Remote work helped in saving jobs during COVID 19: ILO Report
13th Jan, 2023
A report titled ‘Working Time and Work-Life Balance around the World’ has been recently released by the International Labour Organisation (ILO).
- This first-ever ILO global report on working time focuses on the actual number of hours of work, working-time arrangements and their implications for work-life balance.
Highlights of the report:
Nature of work during the COVID-19 crisis:
- Flexible working hours.
- Short-time workand work-sharing measures.
- Increased working hoursin the healthcare or pharmaceutical industries.
- Teleworkingcontributed to the pandemic response by reducing social contact.
- Great resignation phenomenon: It is an on-going economic trend (beginning in early 2021) in which employees (most likely in hospitality, healthcare, and education sectors) have voluntarily resigned from their jobs in mass, in the wake of the pandemic.
- The most cited reasons are work-life imbalances, wage stagnation amid the rising cost of living, limited opportunities for career advancement, hostile work environments, etc.
Impact: Inclusive short-time work schemes with the highest possible allowances:-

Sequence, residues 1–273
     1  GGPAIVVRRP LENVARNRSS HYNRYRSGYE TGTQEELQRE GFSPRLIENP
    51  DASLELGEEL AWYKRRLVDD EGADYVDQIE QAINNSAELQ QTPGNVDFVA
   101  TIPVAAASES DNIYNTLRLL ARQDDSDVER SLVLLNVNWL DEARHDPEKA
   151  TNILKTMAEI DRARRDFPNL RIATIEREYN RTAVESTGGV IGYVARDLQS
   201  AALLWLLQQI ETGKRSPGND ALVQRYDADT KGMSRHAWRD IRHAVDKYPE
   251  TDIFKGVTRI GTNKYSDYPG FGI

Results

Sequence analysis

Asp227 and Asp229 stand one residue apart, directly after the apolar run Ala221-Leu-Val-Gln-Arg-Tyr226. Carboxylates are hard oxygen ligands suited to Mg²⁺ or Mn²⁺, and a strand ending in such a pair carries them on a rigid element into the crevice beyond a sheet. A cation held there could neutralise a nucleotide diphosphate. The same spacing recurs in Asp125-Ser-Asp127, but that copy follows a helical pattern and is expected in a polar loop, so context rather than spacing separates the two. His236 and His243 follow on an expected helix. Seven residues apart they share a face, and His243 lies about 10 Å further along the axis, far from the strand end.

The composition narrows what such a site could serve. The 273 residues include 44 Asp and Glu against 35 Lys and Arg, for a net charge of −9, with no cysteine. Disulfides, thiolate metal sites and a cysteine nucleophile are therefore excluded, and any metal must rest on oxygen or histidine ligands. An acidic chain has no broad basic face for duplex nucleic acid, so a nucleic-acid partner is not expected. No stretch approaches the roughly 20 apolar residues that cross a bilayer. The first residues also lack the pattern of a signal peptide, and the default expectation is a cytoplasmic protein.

- Enabled individuals as well as companies, enterprises and industries to collectively reduce the hours or volume of work.
- Sustained purchasing power and created the possibility of cushioning the effects of economic crises.
- Laid the ground for a better and healthier work-life balance.
- Teleworking helped in maintaining organisational operations and preserving jobs.
Suggestions by the ILO:
- ILO member countries need toprescribe policies necessary to remedy the weaknesses of working-time instruments that became apparent during the pandemic.
- Large-scale implementation of teleworknearly everywhere in the world to change the nature of employment in the near future.
- The ‘Great Resignation’ phenomenon has placed work-life balance at the forefront of social and labour market issuesin the post-pandemic world.
- There is a substantial amount of evidence that work-life balance policies provide significant benefits to enterprises, and such policies are a ‘win-win’for both employers and employees.